I must confess that I enjoy eating meat. Having said that, I also openly acknowledge that there is a powerful argument for eating substantially less meat. If we are going to not only achieve net zero-carbon emissions, but actually reduce the amount of carbon in the atmosphere to the levels required to prevent us reaching a climate tipping point, we may well need to seriously consider a predominantly vegetarian diet. According to the UN’s Food and Agricultural Organization, meat and dairy accounts for around 14.5% of global greenhouse gas emissions, and many scientists argue that if the world is to meet its target of limiting global warming to well below 2C, some degree of diet shift will be necessary. My point here is not to argue the case for a vegetarian, or even vegan diet, but to simply suggest that, at the very minimum, there is a good case for at least considering such a diet. Why then have you, as my MP, been so offended by the long-running BBC children’s programme, Blue Peter, and its Green Badge initiative that includes the challenge to try a vegetarian diet for two weeks?

I think that one reason is that it helps to build your image of being a farmer’s son and champion of rural life. Apparently, farm leaders across the country have accused the BBC of adopting an anti-meat agenda by allowing the initiative. However, by asking why the BBC was allowing the programme to “demand children not to eat meat in order to get their Blue Peter Green Badge” you grossly distorted the nature of the challenge. As a BBC spokesperson pointed out, not only are other options than avoiding meat available to choose from to gain the badge, but the challenge is to simply not eat it for two weeks. They are not asking the children to stop eating meat for ever, and using the word ‘demand’ invokes an degree authoritarianism that is just not there! If, after just two weeks of abstinence, the young person taking the challenge decides that they would like to continue with the diet their attachment to meat could not have been that strong in the first place. And I see no harm in having a debate about our diet, a debate that can only be informed by having some experience of alternatives. But, perhaps even more importantly, it just may be the case that the nature of farming needs to change – that how we use our land for agriculture needs to acknowledge the fast approaching climate crisis and adapt accordingly.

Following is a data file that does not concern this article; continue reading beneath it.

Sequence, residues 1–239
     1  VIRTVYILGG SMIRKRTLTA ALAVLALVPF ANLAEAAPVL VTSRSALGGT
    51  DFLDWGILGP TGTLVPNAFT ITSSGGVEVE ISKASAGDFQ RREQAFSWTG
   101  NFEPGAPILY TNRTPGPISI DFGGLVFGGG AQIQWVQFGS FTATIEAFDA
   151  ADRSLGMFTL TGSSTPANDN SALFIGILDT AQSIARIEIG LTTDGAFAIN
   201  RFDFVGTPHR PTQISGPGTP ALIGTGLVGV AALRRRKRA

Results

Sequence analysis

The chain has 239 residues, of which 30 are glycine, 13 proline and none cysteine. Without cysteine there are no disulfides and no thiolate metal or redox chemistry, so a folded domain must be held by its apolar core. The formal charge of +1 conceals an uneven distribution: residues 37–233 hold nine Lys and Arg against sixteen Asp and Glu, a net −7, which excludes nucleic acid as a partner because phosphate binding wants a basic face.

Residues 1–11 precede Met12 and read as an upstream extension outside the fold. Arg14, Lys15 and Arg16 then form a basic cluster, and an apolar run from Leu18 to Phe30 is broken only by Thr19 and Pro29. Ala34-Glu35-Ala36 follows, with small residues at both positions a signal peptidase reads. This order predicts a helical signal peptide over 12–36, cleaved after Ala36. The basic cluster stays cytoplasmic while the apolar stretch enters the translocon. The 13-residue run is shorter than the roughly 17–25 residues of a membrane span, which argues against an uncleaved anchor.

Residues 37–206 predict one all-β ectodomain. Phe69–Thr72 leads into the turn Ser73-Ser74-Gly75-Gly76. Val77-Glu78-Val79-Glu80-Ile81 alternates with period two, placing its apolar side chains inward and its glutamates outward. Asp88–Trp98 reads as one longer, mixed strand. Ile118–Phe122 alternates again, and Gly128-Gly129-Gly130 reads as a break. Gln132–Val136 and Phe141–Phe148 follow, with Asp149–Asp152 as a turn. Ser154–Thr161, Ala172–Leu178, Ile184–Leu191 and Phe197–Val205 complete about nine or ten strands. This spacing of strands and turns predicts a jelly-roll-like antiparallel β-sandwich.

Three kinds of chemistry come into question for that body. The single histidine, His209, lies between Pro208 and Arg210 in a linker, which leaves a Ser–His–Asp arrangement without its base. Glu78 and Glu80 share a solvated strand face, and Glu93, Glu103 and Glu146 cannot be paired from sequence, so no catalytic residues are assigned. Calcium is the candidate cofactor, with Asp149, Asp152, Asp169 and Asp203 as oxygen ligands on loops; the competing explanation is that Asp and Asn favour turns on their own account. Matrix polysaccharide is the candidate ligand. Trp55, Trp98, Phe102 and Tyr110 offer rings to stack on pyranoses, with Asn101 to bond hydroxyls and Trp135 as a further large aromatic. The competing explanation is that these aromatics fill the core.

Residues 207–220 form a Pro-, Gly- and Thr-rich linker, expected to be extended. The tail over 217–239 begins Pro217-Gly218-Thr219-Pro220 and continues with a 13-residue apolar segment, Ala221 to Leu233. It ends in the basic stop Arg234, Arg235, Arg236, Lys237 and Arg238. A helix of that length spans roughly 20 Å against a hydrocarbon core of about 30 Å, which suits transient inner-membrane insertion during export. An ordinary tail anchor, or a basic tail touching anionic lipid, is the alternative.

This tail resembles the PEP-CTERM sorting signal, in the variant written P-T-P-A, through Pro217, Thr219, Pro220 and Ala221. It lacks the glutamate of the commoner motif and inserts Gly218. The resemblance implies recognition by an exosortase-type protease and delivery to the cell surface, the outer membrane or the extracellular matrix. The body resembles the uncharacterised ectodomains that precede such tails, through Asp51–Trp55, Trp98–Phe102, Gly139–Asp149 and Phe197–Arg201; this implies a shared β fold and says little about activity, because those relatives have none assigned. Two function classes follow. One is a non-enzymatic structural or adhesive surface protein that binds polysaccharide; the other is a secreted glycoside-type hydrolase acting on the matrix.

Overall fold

I think that another reason is the belief amongst certain people on the right of politics that the BBC has a left-wing bias. Your tirade against the broadcaster included the accusation that they have a “woke agenda”. Okay, it’s time for a second confession. I am getting increasingly annoyed, and not a little perplexed, by the derogatory way the term ‘woke’ is being used by many Conservatives and their supporters. The term originated in the African-American culture as an expression of being awake to social injustice. And what is wrong with that? Surely we should all be trying to be awake, to being aware and conscious of social injustices? I would really like someone who uses the term as a pejorative, as a way of dismissing an opinion they do not like, to explain exactly what they mean by the term. And if the BBC does have an agenda of being awake to social injustice then perhaps they deserve our support rather than criticism. The mission of the BBC, as set out in its charter, is “to act in the public interest, serving all audiences through the provision of impartial, high-quality and distinctive output and services which inform, educate and entertain.” Social injustice, by its very nature, is not in the public interest and is not impartial.